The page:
Seed diversity is an important part of local and global food supply systems.
Seed exchanges are not a new idea but they are growing in popularity as more and more people focus on healthy-eating and regional environmental practices, largely seen as more sustainable than huge commercial systems of food production.
Blake Robbins, with the Foodtree Permaculture organization, organized the “Seedy Saturday” exchange April 6 at the Castlegar & District Public Library and had an extensive collection of seeds available.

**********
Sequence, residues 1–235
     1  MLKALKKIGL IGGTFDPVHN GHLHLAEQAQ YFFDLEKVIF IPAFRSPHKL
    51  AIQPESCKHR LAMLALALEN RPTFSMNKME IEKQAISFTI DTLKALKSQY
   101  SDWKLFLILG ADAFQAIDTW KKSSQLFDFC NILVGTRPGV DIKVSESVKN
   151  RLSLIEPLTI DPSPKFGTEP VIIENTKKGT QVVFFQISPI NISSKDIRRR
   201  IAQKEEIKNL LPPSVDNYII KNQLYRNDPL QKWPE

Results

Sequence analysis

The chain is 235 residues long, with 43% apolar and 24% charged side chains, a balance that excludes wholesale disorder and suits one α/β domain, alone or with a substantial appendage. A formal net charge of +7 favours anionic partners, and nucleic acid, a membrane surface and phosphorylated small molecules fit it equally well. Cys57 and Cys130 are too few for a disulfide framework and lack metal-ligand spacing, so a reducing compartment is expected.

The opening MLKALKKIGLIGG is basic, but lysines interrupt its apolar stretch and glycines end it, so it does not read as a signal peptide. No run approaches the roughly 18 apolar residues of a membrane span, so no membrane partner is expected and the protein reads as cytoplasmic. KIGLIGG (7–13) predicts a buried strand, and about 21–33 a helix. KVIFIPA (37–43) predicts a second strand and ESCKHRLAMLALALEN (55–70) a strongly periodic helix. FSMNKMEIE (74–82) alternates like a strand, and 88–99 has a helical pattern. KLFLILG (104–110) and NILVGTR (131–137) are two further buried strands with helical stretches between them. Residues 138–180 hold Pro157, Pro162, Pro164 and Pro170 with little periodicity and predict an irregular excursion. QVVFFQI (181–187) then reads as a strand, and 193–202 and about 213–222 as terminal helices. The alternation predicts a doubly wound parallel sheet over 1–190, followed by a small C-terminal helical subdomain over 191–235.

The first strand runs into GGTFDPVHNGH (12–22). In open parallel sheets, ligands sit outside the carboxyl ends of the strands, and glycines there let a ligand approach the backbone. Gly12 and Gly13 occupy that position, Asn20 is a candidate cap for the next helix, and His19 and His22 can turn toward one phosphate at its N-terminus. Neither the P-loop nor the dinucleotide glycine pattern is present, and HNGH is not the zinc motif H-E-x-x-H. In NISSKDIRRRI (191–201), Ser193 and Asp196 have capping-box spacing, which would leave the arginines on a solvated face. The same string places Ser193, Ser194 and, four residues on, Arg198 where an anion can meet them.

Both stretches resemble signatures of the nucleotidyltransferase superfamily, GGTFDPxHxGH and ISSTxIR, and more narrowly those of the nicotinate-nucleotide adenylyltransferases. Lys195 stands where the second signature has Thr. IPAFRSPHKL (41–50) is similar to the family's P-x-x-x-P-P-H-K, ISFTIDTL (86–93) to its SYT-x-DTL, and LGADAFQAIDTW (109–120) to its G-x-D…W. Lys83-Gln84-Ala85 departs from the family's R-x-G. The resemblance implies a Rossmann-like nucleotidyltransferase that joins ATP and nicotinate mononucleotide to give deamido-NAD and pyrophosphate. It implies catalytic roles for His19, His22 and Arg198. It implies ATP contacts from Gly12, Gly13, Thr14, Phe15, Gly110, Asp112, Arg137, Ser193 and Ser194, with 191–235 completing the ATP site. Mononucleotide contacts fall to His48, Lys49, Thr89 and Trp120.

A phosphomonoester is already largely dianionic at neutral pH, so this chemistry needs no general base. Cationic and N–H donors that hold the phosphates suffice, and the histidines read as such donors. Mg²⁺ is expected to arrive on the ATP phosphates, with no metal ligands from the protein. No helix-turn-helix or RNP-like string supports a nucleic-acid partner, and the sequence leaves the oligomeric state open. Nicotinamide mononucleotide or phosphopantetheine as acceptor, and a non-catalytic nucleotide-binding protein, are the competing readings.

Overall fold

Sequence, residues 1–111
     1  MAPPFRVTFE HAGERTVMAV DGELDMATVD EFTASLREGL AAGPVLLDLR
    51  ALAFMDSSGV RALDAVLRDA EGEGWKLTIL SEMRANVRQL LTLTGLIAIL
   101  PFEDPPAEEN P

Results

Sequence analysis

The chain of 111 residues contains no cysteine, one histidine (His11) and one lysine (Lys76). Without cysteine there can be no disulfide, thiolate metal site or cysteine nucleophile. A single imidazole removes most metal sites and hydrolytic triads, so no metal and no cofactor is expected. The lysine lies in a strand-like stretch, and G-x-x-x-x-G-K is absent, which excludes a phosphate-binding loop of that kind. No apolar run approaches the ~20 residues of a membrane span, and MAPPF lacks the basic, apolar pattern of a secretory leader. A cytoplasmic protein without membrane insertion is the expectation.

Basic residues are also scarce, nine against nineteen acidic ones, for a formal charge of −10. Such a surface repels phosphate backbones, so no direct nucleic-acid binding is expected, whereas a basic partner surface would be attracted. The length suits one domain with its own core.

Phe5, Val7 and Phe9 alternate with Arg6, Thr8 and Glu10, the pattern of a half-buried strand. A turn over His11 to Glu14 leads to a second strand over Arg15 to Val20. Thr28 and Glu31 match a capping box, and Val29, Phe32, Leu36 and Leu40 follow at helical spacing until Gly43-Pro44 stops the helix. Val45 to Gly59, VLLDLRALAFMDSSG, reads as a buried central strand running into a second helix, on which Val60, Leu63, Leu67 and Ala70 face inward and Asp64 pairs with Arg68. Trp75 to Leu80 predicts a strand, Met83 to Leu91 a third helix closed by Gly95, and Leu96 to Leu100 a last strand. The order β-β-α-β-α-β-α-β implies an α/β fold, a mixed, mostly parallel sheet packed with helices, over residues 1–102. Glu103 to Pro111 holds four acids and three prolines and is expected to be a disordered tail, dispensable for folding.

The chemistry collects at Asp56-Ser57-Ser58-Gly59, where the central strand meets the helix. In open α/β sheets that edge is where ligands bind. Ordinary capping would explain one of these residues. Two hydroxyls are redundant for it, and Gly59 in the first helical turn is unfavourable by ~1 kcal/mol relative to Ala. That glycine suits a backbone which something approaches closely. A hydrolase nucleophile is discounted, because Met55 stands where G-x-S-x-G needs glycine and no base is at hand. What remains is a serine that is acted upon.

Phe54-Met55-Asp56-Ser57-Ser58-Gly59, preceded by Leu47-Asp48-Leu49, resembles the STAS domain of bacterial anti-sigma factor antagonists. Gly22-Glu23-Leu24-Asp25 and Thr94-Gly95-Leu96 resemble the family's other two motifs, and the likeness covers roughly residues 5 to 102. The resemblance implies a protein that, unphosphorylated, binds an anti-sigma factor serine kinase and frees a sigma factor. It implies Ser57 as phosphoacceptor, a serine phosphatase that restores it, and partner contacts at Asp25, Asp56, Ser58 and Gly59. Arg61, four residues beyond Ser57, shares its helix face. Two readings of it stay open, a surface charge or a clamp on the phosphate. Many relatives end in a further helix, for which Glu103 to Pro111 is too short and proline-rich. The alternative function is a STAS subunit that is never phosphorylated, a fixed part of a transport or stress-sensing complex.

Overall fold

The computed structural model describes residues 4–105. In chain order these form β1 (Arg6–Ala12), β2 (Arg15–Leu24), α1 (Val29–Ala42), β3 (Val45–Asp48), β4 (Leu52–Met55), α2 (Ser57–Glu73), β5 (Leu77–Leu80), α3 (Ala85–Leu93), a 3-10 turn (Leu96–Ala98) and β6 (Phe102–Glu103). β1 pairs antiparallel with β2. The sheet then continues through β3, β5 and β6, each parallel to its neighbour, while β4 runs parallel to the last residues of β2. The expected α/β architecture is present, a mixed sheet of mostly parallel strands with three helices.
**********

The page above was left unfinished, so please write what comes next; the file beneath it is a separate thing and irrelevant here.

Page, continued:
He described one particular plant, Sea Buckthorn, as a “miracle plant” which is a nitrogen-fixer; pulling primary nutrients out of the atmosphere. The fruit of the plant is high in vitamin C.
Robbins said it’s the only plant he has seen that deer won’t eat.
Kylie Lichty, of Mountain Seed Co. in the Slocan Valley, also had a display set up with dozens of different varieties of seeds. Lichty said Mountain Seed Co. specializes in “heirloom open-pollinated” varieties.
Heirloom plants are typically not used in modern large-scale agriculture farming and Lichty said they are in excess of 50 years old.
She also spreads her seeds around to different geographical regions in the area to avoid cross-pollination.